The best way to get vitamin D is from the sun. We need about 10 minutes a day of sunlight to reach recommended amounts. But concerns about skin cancer, the challenges of living in northern climes, older age and some medical conditions require other vitamin D sources.

Food: Very few foods naturally contain vitamin D. Fish, including salmon, tuna and mackerel, and fish liver oils are the best. Small amounts also are found in beef liver, cheese, egg yolks and some mushrooms. Almost all milk sold in the United States is fortified, and some orange juice and yogurt contain vitamin D as well.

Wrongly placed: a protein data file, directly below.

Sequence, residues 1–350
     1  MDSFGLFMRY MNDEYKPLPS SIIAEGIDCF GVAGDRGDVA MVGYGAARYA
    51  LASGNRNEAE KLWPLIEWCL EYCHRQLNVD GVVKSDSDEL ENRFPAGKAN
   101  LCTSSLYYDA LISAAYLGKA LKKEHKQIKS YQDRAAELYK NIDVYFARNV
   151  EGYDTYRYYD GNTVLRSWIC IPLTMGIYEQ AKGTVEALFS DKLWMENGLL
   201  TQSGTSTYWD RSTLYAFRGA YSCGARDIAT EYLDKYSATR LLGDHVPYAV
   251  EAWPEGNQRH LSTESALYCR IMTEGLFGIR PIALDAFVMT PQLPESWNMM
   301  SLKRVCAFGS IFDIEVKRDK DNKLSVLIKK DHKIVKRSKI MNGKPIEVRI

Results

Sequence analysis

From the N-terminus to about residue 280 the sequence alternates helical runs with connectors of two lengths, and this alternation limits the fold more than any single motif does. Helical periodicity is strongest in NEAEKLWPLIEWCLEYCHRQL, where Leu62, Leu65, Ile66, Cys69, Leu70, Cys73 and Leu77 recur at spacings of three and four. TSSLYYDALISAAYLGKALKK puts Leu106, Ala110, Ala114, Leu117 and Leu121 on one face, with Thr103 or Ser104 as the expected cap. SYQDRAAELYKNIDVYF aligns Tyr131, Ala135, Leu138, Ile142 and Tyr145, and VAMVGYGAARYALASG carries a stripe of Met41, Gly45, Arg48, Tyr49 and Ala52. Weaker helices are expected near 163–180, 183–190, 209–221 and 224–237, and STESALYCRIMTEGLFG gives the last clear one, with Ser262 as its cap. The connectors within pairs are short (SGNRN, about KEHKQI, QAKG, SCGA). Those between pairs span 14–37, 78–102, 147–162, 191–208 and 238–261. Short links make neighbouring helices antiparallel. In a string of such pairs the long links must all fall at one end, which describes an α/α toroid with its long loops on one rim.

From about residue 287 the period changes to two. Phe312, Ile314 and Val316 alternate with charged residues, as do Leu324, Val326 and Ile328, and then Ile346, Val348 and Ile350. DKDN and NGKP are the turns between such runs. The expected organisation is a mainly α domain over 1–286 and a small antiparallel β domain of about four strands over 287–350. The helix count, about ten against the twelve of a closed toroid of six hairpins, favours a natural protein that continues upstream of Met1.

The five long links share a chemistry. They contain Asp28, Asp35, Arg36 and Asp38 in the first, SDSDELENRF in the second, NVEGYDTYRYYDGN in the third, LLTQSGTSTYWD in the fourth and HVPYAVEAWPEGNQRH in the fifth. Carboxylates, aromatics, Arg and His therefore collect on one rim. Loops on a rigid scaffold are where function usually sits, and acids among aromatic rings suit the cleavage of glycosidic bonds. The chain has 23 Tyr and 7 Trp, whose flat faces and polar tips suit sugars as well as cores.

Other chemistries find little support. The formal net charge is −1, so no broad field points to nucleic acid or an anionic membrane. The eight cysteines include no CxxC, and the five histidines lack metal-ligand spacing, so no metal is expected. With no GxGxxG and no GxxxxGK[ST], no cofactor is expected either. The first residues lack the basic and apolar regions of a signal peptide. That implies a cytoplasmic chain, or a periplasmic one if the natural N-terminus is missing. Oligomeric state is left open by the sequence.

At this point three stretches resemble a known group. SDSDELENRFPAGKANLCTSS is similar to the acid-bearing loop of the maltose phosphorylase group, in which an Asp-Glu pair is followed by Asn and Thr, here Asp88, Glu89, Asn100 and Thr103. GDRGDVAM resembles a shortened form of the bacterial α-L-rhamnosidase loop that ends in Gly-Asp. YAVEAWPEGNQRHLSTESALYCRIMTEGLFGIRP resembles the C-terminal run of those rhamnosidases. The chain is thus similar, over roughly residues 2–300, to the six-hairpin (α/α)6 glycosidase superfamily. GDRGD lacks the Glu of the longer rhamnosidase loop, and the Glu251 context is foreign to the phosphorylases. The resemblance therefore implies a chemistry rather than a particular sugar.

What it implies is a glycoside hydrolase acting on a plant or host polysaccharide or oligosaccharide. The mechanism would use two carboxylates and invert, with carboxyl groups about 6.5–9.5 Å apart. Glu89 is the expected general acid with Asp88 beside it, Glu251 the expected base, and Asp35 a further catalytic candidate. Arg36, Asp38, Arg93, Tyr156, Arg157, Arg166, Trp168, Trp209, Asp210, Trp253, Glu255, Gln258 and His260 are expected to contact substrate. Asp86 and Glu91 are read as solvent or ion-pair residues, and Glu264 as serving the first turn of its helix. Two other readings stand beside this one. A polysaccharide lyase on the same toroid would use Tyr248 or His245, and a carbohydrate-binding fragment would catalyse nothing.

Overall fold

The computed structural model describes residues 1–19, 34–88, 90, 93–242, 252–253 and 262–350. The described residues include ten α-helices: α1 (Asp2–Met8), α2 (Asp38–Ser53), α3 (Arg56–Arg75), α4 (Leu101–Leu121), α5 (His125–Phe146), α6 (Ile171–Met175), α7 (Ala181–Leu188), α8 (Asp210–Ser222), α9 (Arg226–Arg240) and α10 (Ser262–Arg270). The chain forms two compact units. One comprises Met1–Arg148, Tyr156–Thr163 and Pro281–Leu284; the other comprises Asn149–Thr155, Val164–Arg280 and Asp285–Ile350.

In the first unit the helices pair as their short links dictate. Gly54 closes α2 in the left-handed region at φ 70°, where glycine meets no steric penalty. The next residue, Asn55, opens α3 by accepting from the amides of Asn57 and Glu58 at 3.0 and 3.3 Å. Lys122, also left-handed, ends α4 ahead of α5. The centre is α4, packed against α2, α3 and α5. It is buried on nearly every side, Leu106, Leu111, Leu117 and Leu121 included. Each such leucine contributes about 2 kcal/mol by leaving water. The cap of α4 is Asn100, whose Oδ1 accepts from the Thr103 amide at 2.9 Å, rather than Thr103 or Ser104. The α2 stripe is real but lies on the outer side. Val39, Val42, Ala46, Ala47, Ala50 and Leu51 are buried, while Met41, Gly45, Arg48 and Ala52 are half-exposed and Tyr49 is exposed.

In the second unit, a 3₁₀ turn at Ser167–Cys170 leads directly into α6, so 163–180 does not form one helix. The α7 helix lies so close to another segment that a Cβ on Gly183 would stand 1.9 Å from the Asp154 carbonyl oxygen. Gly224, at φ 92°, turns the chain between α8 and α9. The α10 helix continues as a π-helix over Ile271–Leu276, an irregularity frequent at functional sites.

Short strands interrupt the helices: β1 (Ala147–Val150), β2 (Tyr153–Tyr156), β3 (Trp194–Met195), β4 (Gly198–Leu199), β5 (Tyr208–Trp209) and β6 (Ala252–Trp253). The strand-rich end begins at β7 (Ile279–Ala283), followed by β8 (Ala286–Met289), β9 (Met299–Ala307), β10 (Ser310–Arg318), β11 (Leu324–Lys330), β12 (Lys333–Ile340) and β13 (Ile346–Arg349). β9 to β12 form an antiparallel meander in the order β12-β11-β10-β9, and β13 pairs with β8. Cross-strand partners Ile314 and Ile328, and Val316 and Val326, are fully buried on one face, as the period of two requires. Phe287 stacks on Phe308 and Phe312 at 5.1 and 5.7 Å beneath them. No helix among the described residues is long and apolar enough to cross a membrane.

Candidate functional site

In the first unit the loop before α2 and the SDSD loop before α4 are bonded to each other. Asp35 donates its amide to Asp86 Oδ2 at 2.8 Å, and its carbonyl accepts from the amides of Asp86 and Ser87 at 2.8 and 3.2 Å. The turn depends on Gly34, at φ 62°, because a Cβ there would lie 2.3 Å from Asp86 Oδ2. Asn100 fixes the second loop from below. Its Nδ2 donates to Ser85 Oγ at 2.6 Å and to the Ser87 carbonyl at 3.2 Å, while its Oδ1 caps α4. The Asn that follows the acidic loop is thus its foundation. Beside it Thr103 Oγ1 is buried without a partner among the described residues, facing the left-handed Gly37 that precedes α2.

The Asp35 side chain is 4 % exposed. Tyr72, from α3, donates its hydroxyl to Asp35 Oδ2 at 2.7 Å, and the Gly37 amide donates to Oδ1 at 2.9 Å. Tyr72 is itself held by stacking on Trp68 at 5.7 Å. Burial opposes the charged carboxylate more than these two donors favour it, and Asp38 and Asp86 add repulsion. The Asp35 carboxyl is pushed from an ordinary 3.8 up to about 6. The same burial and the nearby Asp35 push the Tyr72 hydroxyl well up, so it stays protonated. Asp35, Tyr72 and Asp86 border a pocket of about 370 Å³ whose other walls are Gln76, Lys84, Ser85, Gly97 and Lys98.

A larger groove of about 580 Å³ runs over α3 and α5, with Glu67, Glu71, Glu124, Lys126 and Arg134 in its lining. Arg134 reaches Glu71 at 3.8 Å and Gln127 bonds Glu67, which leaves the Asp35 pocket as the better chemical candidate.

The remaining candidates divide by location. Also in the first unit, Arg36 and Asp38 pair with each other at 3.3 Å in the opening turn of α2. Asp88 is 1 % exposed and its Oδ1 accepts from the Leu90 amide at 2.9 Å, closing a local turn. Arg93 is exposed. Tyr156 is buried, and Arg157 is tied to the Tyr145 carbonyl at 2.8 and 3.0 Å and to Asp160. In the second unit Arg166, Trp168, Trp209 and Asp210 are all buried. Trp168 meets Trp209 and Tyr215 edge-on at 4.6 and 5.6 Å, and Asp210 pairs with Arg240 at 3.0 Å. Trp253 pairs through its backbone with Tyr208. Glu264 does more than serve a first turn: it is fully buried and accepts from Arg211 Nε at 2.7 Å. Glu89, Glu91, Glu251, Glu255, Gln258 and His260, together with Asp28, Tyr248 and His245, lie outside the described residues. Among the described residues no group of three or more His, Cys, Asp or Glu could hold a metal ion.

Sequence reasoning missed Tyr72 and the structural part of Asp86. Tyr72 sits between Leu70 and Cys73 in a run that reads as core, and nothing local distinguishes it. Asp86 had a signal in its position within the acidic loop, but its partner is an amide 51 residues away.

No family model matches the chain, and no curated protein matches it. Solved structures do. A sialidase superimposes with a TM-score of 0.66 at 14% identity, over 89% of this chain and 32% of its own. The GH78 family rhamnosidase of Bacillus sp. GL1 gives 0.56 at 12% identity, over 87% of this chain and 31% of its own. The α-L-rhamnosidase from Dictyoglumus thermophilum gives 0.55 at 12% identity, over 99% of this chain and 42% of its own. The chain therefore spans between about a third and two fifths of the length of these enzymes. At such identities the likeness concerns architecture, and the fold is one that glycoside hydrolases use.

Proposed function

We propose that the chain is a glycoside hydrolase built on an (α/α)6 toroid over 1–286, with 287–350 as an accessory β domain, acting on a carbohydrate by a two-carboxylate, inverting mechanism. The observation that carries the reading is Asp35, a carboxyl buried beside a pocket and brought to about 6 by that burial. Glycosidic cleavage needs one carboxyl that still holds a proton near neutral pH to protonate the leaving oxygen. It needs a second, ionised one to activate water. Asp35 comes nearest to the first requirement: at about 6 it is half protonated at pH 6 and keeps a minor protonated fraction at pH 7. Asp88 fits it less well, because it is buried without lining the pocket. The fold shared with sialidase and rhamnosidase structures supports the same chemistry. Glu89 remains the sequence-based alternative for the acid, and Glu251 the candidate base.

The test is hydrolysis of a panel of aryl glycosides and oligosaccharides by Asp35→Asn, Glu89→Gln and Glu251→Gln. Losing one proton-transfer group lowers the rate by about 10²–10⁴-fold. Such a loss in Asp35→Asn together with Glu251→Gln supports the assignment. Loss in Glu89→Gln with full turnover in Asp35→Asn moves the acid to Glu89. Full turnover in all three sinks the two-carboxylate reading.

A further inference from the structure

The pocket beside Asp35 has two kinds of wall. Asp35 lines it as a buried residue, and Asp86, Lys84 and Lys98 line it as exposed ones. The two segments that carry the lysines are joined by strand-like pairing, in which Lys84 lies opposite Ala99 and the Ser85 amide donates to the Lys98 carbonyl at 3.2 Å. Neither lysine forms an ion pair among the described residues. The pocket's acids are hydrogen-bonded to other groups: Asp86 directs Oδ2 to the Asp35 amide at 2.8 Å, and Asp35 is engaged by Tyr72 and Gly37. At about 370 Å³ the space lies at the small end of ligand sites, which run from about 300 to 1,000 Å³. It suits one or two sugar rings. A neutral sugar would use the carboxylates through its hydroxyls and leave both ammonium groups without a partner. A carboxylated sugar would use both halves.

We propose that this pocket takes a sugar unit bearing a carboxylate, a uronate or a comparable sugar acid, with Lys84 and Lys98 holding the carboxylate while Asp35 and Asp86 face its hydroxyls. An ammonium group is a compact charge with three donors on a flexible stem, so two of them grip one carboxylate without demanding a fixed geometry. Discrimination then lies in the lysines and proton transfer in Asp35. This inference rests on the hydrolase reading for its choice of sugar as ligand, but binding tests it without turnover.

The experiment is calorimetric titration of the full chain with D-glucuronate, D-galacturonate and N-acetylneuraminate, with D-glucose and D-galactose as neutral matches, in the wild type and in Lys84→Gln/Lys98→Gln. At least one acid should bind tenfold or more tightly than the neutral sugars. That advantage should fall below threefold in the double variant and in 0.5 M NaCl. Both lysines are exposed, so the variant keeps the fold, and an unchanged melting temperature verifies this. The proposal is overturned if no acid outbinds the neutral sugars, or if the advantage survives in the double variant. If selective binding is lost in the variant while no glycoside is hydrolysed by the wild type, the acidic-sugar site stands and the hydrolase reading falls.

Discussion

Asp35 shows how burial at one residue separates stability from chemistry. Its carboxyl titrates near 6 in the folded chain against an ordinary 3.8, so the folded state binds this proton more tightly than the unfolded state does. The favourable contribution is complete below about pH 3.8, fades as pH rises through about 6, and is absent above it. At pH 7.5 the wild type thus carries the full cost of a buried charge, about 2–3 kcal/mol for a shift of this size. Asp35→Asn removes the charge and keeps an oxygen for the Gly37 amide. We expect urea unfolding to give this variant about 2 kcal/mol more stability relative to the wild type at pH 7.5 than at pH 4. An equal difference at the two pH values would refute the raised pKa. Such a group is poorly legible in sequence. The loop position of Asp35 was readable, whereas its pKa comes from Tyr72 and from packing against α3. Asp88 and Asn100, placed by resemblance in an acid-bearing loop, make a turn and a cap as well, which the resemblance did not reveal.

Requirements: Most adults need 600 International Units (IU) a day. People 71 and older may require as much as 800 IUs.

Toxicity: Adults, 4,000 IUs daily; levels vary for children, depending on age, from 2,500 to 3,000 IUs.

Sources: National Institutes of Health, Institute of Medicine